By Max Clarke

Transport Secretary Philip Hammond today confirmed that the Government’s proposed high speed rail network - which would link London to the West Midlands, Manchester and Leeds - will include a direct link to Heathrow and to the European high speed rail network.

Mr Hammond also published details of the Government's proposed route for the first phase of the project, a new line between London and Birmingham. After visiting the route and consulting with local people, Mr Hammond today revealed that the proposed route has been significantly redrawn to incorporate changes to over half its length.

The completed 'Y'-shaped network would bring the West Midlands within about half an hour of London and would allow journey times of around 80 minutes from Leeds and Manchester to the capital. Connections onto existing tracks would also be included, allowing direct high speed train services to be operated to cities including Glasgow, Edinburgh, Newcastle and Liverpool. A direct link to Britain's existing high speed line, High Speed 1 - which runs from London St Pancras to the channel tunnel - would allow travel from cities along the new high speed line to the continent, while construction of a direct link to Heathrow airport - to be built at the same time as the lines to Leeds and Manchester - would enable direct high speed services to run to and from the airport, providing an attractive alternative for many short-haul air journeys. In addition, the released capacity on the West Coast Mainline would offer the possibility of more frequent, fast commuter services from places such as Milton Keynes and Coventry.

Philip Hammond said:

"High speed rail is so important because it has the potential to transform the way Britain works and competes in the 21st century. Political and business leaders from across the country are clear that a rail network of this kind has huge potential to reshape our economic geography for the better.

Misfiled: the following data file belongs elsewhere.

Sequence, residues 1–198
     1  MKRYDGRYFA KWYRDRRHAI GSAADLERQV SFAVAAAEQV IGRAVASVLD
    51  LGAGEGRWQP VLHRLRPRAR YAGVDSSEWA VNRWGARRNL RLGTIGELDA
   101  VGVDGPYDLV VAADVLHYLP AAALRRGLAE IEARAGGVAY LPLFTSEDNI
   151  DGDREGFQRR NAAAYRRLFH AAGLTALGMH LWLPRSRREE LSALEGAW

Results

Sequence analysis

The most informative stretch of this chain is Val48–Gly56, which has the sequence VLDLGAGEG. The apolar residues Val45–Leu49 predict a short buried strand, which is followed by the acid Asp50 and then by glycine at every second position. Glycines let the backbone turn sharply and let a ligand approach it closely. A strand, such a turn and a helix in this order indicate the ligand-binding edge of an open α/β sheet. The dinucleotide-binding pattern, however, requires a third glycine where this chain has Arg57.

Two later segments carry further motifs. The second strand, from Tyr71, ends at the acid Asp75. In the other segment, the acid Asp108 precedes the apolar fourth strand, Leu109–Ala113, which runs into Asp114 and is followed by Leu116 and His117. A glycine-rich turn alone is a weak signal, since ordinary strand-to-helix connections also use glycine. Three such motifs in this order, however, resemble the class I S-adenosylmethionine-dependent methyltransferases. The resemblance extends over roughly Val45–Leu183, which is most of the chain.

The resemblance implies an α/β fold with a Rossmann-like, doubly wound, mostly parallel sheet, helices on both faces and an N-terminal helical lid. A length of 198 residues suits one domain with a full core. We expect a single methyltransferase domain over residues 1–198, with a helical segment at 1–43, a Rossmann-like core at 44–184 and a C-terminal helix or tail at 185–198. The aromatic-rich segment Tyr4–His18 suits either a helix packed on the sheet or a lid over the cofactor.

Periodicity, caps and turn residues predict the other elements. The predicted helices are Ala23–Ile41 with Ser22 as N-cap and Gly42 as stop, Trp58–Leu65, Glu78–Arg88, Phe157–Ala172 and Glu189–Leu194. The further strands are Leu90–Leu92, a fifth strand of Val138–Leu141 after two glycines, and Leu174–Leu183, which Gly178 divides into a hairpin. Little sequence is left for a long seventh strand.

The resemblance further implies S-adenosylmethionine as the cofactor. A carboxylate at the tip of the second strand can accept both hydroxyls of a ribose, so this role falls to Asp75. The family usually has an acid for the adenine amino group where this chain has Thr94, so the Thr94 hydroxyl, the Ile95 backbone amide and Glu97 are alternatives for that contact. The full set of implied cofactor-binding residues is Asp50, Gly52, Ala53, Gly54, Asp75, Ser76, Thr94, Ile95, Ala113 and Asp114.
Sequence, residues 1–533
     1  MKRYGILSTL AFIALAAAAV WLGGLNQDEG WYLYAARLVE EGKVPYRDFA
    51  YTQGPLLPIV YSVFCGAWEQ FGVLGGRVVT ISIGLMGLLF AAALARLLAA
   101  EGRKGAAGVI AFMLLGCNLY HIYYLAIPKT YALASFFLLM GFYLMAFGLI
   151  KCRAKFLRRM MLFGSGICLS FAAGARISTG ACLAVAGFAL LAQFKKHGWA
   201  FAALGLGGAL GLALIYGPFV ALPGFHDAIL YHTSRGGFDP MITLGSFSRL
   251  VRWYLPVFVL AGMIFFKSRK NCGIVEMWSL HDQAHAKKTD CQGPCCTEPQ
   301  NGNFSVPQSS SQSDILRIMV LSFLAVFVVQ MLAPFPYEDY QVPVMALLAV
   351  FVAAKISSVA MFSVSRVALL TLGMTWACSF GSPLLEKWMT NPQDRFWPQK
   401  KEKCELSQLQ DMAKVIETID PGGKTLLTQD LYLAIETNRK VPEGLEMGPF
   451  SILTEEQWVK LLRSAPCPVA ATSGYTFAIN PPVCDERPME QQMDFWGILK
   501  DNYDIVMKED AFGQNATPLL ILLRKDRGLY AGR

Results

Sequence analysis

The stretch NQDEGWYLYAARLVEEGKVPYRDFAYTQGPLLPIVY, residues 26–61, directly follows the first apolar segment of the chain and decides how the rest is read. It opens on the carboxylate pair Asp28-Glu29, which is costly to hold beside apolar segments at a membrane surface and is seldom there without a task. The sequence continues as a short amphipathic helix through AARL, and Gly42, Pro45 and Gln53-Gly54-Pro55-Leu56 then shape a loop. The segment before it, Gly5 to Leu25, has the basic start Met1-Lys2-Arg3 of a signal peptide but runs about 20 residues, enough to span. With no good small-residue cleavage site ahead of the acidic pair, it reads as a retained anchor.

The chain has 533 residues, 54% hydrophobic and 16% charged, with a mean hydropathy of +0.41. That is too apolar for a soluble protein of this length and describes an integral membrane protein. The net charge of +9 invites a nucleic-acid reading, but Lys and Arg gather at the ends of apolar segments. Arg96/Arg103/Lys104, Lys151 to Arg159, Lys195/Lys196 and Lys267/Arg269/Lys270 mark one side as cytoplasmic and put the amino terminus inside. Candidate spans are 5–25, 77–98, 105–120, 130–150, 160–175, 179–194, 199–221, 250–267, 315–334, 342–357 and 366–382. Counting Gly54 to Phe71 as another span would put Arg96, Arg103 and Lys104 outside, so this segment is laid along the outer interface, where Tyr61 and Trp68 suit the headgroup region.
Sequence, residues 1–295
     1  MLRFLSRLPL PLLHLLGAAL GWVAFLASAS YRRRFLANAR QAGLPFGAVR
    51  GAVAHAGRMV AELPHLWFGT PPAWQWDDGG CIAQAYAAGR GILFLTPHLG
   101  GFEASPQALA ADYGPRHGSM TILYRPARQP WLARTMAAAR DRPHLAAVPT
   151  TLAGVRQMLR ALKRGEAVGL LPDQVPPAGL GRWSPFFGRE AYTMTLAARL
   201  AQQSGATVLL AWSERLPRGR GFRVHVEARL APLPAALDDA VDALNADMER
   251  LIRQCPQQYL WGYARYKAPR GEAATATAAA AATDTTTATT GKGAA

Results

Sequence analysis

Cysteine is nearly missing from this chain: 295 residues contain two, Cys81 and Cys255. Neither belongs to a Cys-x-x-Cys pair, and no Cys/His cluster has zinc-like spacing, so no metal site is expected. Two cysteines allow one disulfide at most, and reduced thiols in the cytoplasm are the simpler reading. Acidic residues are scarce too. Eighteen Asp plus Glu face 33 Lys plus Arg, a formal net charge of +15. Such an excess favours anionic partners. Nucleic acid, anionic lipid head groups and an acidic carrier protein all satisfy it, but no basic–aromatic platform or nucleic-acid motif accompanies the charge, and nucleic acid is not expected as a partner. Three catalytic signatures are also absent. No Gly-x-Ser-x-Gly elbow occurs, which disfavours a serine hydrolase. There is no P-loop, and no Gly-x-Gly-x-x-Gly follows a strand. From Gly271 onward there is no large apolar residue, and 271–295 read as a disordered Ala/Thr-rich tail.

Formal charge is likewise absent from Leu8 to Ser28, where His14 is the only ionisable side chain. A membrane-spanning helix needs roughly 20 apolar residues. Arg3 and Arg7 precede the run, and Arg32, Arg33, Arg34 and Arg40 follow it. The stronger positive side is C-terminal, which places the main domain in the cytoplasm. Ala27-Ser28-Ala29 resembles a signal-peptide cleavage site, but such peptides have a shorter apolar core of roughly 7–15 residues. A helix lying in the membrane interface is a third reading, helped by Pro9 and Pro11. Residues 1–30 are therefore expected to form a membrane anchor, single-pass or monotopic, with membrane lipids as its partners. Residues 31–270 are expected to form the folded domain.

"But I also know there will be less welcome impacts of this new line in some parts of the countryside. Since taking this job I have reviewed all the possible route options in detail as well as travelling the length of the proposed line to talk directly to local people. As a result, I have made a number of changes to the route published by the previous Government. The route I am publishing today differs from the previous one for around 65 out of the 127 miles of its length.

"We are continuing to look at additional mitigation measures to lessen the impact of the line on those communities which it passes nearest to, as well as considering innovative options for providing assistance to those who may be affected by the proposed line. I hope the communities affected will play a full part in the consultation process."

Since his appointment as Transport Secretary, Philip Hammond has visited the full length of the proposed route for a new London to Birmingham line, meeting local residents and MPs. As a result, he commissioned significant additional work to reduce the line's local impacts and this has resulted in changes to the proposed route. Maps of the new route have been published today and full public consultation on the route - as well as on the Government's broader strategy on high speed rail - will begin in February 2011. Significant improvements to the route previously published have been made, including at the following locations:

• At Primrose Hill in London, where work to identify the most appropriate locations for the necessary vent shafts has shifted the proposed tunnel, and the vent shafts themselves, to the north, locating them alongside the existing railway.

• Between Amersham and Wendover, where a green bridge and a green tunnel have been incorporated into the route design to reduce its visual impact and avoid severance of public rights of way.

• At Hartwell House in Buckinghamshire, where by moving the alignment away from this historic property, HS2 Ltd have been able to ensure that the line would not be visible from the House itself and that additional earthworks and planting can be undertaken to further reduce its visual and noise impacts.

• At Edgcote House to the north of Aylesbury, where HS2 Ltd have made adjustments which move the proposed line further away from the property and its gardens, without increasing its impact on nearby villages.

• At Lichfield where an improved alignment would move the line further from the city, whilst avoiding any increased impact on other local communities.

The Government proposes to secure the powers to deliver the high speed network by means of a Hybrid Bill. Depending on the outcome of consultation and Parliamentary timescales and approval, enabling works for the initial London-Birmingham phase should be able to begin in 2015 with the high speed network opening in phases from 2026.